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What to tell your pet-sitter before you go on vacation

If you're hiring a pet-sitter, there is a lot of critical information they should have about your cats.
If you're hiring a pet-sitter, there is a lot of critical information they should have about your cats.
Photo courtesy of Patrick Mitchell, used with permission

So you're going to travel, but you can't take your cats with you. If you have to find a new pet-sitter after having one who knew all your cats for years, you might be concerned about what she needs to know. This is also true if you've never hired a pet-sitter before. According to an article on Princeton Veterinary Hospital's website, there's a lot of information you should give to your pet-sitter so your cats have the best experience possible.

First off, you should discuss their regular feeding schedules and habits. Where is their food kept? Does it have to be stored a certain way (frozen, refrigerated, in a closed bin)? Are they fed on a schedule, do they get a certain amount of food, are they free-fed? Also, what treats do they get and how often do they get them? Do they get them right before or after meals, or are they used to them in the middle of the day, or right before bed? Do they get treats at all?

If your cats are indoor-outdoor cats that prefer going outside to using a litter box inside, then you should also discuss their bathroom habits. You're aware that they want to go outside within a certain amount of time after eating, whether you have a pet door or not. You also know how often you have to let them out during the day to urinate. If you have a pet door, and they can come and go as they please, your pet-sitter ought to be aware of that so they know to look outside if someone's missing at mealtime.

Medications that your cats might be taking, along with their side effects, is also information that your pet-sitter needs to know. How often does your cat take her medication? Does she take it before, after, or with her food? Are there any usual side effects, such as hyperactivity, lethargy, suppressed appetite, more frequent urination, anything along with those lines? How is the medication administered? This is all information you should actually write down, so your pet-sitter has it easily at hand.

Your pet-sitter should also know where extra food and medication are, in case she runs out while you're gone.

As with babysitters, you should give your pet-sitter the number of where you're staying, along with your cell phone number, vet's number, and emergency contacts. Sometimes, things do wrong and your pet-sitter will need to be able to get in touch with you immediately, and possibly your vet or the nearest emergency clinic. Having these numbers within easy reach can mean the difference between an emergency and a tragic disaster. Princeton Veterinary Hospital also recommends writing down what you'd prefer they do if there is an emergency.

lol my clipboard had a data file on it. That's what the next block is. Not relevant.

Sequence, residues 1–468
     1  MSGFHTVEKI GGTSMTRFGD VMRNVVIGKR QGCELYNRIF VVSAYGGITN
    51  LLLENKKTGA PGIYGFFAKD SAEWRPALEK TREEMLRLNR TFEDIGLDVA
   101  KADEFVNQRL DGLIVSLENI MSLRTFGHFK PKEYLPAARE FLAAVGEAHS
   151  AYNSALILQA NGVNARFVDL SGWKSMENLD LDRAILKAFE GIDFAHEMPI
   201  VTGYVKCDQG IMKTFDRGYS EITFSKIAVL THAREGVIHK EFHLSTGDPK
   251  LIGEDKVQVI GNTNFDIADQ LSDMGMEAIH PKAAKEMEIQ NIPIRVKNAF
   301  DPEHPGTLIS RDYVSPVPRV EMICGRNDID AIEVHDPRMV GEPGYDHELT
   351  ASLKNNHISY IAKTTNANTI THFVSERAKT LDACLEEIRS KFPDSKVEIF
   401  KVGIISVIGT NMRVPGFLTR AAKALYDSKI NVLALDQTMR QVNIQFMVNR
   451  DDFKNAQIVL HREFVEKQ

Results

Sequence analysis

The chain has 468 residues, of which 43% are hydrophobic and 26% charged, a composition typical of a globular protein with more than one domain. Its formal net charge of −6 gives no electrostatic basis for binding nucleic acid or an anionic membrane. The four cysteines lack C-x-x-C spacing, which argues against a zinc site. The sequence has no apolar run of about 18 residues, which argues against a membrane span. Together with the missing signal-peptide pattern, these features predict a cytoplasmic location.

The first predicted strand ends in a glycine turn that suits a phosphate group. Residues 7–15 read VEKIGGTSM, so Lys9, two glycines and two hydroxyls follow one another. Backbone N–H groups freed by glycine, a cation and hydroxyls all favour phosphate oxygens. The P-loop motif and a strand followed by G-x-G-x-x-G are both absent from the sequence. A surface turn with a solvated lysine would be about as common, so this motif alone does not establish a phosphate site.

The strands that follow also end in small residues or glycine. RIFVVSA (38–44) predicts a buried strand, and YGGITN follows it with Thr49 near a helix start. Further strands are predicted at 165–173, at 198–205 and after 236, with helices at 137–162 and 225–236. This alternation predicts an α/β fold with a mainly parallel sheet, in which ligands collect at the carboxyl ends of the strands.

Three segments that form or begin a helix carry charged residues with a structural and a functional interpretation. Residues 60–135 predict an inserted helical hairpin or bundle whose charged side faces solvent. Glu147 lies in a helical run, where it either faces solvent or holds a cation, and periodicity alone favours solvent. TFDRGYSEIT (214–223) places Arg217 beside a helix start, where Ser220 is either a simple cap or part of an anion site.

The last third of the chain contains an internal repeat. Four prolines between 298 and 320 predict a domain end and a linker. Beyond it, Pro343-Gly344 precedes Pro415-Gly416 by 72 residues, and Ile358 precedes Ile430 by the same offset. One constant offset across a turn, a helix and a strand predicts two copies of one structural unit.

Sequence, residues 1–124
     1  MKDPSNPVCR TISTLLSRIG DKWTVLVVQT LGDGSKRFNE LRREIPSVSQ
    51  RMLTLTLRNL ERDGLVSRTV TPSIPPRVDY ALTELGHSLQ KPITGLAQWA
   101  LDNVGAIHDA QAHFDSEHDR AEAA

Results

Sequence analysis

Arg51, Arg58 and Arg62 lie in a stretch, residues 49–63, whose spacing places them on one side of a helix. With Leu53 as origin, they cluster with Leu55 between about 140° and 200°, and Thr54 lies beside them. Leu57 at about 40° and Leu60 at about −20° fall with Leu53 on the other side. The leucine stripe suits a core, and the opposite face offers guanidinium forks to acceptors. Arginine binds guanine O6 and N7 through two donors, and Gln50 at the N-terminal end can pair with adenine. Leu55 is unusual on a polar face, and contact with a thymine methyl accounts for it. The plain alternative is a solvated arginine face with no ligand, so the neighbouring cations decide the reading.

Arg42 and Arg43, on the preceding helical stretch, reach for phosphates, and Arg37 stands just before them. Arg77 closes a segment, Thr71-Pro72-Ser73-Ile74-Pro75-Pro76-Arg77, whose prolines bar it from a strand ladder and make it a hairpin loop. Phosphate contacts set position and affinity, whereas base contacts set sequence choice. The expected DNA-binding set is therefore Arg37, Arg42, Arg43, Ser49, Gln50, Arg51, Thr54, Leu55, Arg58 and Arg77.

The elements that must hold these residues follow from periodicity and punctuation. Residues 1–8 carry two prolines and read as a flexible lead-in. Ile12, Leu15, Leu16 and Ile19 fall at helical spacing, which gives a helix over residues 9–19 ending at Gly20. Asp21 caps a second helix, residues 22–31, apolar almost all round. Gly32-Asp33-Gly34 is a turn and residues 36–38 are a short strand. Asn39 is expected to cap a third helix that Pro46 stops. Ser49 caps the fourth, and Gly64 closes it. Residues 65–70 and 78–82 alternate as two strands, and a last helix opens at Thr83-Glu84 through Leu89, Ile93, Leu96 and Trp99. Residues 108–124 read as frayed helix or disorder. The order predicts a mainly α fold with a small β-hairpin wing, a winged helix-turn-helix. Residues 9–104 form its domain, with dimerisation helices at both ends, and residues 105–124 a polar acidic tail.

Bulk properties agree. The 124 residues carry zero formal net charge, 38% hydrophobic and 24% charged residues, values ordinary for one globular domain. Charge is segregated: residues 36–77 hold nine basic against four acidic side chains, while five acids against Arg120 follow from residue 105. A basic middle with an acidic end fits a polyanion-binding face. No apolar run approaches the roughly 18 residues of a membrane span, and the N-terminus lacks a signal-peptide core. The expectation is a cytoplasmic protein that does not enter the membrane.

The location of your cats' favorite toys, and whether it's okay to leave them out or put them away, will also help your pet-sitter keep things as normal and stress-free for your cats as possible. Who likes to play with which toys, and when? do any of your cats refuse to play if the others are playing? Is there a specific toy of her own that she should have while the others are playing? Also, tell your pet-sitter where your cats' favorite blankets, pillows, stuffed animals, perches, and hiding places are, along with how they respond to strangers, so that she knows where your cats are most likely to be when she shows up each day. This is especially important if you have a shy cat that likes to hide. Your pet-sitter needs to be able to locate your hiding cat quickly, to be sure that everyone is present and accounted for when they first arrive, and then again when they leave.

You should have a first aid kit for your cats, also, and your pet sitter ought to know where this is. If you don't have one, you can buy them online, or you can read this article from Drs. Foster and Smith about how to make one. This will help your pet-sitter handle momentary illnesses and minor injuries, such as scratches from squabbling.

Finally, you should tell your pet-sitter about any special behavior she needs to know about. For instance, some cats stick their paws in their water before they drink it, or they toss their food around, and then eat it off the floor. If your cat vomits frequently, you should mention that to your pet-sitter, especially if you control the vomiting my limiting how much your cat eats at one time. If all your cats always sit in the kitchen while you're preparing their food, that's important information, because one of your cats not coming might indicate that she's not feeling well. A cat that insists he's starving to death at every meal time just sitting quietly might also indicate a problem. Your pet-sitter needs to know what's normal for your cats, so she knows what's worrisome, too.

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